Joe Smith (pitcher)

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Joe Smith
Joe Smith (34642131021).jpg
Smith with the Toronto Blue Jays
Cleveland Indians – No. 38
Relief pitcher
Born: (1984-03-22) March 22, 1984 (age 33)
Cincinnati, Ohio
Bats: Right Throws: Right
MLB debut
April 1, 2007, for the New York Mets
MLB statistics
(through August 12, 2017)
Win–loss record 44–28
Earned run average 2.93
Strikeouts 532
Saves 29
Teams

Joseph Michael Smith (born March 22, 1984) is an American professional baseball pitcher for the Cleveland Indians of Major League Baseball (MLB). He previously played for the New York Mets, Los Angeles Angels of Anaheim, Chicago Cubs, and Toronto Blue Jays. Smith attended Wright State University and was drafted by the Mets in the third round of the 2006 Major League Baseball draft.

High school and college years[edit]

A three-year varsity letterman at Amelia High School and a Division I All-Fort Ancient Valley Conference honoree, Smith also pitched five years for the select American Amateur Baseball Congress Midland team in Cincinnati. Even through his labrum surgery he was dedicated to return to baseball. In college, he was redshirted and played three years in the Horizon League. Ultimately, Smith became Wright State's closer his junior and senior year, as he gained 4–6 mph on his fastball after changing his delivery.[citation needed] He had 13 saves his senior season and a 0.98 ERA. In three seasons Smith posted 22 saves, 145 strikeouts, and 39 walks. In 2005, he was the WSU team MVP and in 2006 he was awarded second team All-Mideast Region, first team Horizon League, Horizon League Pitcher of the Year and WSU Most Valuable Male Athlete.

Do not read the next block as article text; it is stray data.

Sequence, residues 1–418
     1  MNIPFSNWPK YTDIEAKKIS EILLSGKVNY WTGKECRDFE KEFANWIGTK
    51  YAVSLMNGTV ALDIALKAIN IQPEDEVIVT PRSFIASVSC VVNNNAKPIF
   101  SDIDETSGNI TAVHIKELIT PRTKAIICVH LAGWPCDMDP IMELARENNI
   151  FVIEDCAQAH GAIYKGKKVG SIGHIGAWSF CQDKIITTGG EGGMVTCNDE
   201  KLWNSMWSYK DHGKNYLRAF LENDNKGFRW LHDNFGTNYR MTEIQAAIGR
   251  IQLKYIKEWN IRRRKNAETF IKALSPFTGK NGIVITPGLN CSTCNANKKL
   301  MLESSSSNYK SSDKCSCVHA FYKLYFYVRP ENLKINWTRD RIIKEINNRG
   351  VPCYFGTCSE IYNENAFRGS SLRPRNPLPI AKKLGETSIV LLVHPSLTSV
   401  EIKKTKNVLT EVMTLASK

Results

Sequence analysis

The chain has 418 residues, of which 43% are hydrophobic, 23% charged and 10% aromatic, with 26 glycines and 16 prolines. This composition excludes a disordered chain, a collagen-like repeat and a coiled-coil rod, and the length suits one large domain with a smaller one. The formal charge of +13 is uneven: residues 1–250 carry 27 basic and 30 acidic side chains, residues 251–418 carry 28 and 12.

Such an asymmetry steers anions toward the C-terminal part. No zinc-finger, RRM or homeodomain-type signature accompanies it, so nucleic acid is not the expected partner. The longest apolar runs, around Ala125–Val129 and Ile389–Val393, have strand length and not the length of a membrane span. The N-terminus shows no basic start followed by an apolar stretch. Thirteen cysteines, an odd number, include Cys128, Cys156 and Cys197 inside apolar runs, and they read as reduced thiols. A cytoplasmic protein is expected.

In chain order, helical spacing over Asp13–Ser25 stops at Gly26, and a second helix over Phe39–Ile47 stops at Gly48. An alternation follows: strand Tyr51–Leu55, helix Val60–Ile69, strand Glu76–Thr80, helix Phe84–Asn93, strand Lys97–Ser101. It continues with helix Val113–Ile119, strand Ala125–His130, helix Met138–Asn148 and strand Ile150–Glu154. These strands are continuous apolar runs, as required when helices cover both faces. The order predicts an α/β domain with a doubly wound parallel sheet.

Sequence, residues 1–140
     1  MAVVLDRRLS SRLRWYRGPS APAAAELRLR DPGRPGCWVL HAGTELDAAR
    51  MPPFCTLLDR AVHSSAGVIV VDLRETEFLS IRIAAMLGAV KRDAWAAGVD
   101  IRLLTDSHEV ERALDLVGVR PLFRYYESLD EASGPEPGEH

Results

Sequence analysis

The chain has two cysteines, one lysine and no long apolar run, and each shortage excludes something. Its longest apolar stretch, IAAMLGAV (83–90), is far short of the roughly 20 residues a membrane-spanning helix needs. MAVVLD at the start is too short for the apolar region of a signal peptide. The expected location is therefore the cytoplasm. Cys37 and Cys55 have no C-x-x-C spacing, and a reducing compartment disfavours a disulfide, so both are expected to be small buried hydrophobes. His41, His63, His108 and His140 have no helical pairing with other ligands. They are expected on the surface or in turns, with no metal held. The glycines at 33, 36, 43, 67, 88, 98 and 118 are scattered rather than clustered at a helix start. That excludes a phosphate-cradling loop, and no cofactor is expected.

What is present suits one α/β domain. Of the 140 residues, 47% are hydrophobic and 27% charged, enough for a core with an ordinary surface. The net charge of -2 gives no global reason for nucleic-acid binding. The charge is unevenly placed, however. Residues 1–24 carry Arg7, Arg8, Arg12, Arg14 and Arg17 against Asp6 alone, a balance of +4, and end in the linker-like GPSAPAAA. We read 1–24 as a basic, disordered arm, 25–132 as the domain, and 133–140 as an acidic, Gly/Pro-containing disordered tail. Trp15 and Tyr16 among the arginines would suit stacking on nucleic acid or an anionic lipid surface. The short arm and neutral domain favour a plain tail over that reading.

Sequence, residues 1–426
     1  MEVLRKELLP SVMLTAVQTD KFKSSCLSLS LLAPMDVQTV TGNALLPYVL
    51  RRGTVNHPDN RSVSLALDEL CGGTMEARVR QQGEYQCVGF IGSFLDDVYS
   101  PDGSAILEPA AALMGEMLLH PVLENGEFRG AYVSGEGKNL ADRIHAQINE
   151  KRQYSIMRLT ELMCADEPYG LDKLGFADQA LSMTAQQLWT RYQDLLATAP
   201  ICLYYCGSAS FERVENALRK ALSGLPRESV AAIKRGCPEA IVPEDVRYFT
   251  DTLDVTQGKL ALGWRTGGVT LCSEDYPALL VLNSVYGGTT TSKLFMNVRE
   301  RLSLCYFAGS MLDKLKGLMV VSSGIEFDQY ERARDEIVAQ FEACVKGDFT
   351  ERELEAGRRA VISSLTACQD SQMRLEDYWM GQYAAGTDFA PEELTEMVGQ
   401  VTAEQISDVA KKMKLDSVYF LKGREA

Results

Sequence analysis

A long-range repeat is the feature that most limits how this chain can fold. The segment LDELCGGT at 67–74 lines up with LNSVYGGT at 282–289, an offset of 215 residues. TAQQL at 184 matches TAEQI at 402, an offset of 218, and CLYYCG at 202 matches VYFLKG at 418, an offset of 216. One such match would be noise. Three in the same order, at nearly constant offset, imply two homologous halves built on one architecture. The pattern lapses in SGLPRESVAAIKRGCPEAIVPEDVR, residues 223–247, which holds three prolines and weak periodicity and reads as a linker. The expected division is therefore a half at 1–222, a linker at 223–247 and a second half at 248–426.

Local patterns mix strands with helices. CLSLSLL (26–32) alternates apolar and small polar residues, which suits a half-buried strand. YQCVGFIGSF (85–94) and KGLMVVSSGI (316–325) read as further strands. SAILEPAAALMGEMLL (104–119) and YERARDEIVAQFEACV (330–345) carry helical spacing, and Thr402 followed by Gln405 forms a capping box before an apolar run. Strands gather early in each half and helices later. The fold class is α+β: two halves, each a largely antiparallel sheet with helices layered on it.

In the late summer of 2004, Smith played summer ball with the NECBL with the North Adams Steeplecats. In 2005, Smith briefly pitched for the Rockville Express, a team in the Cal Ripken, Sr. Collegiate Baseball League In 2005, he made nine appearances for the Express, posting a 4.66 ERA, a 1–0 record and earning two saves.[1] Later in the summer of 2005, Smith also pitched for the Edenton Steamers in the Coastal Plain League. In 16 regular season appearances, totaling 17.1 innings, he tallied nine saves with a 2.08 ERA, .197 batting average against, and struck out 19 batters. He also recorded the final out of the 2005 Petitt Cup tournament, on a comebacker, to give Edenton its second consecutive league championship. Less than two years later, Smith became the first Steamers' alumnus to appear in the majors.

Professional career[edit]

New York Mets[edit]

Smith first began his career with Brooklyn (A) of the New York–Penn League by allowing two runs, one earned, in one inning of work against the Staten Island Yankees on June 21. He was named one of the top 20 prospects in the New York–Penn League by Baseball America. When Duaner Sánchez was hurt during a taxi cab incident in 2006, Mets general manager Omar Minaya considered recalling Smith to the Majors. Instead, the Mets traded for Roberto Hernández and Óliver Pérez to give Smith more time in the minors[citation needed]. On March 24, 2007, after a strong spring training, it was announced Smith would be on the Mets' 25-man roster. On April 1, 2007, Smith made his major league debut. He struck out one (Preston Wilson) and walked one (Albert Pujols). He also gave up a single to David Eckstein. Smith earned his first major league win on April 24, 2007 after coming on in relief in the 12th inning.[2] Smith enjoyed much success in the beginning of 2007, but began to tire and was sent down to the minors at mid year. Smith was with the Mets for all of the 2008 season, enjoying varied success. He went 6–3 in 63.3 innings with a 3.55 ERA.

Cleveland Indians[edit]

Smith during his tenure with the Cleveland Indians in 2011

On December 10, 2008, Smith was traded by the Mets to the Cleveland Indians as part of a twelve-player, three-team deal.[3] On January 18, 2013, the Cleveland Indians announced they had avoided arbitration with Smith, signing him to a one-year contract worth $3.15 million.[4]

Smith became a free agent following the 2013 season, but expressed interest in remaining with the Tribe.[5]

Los Angeles Angels of Anaheim[edit]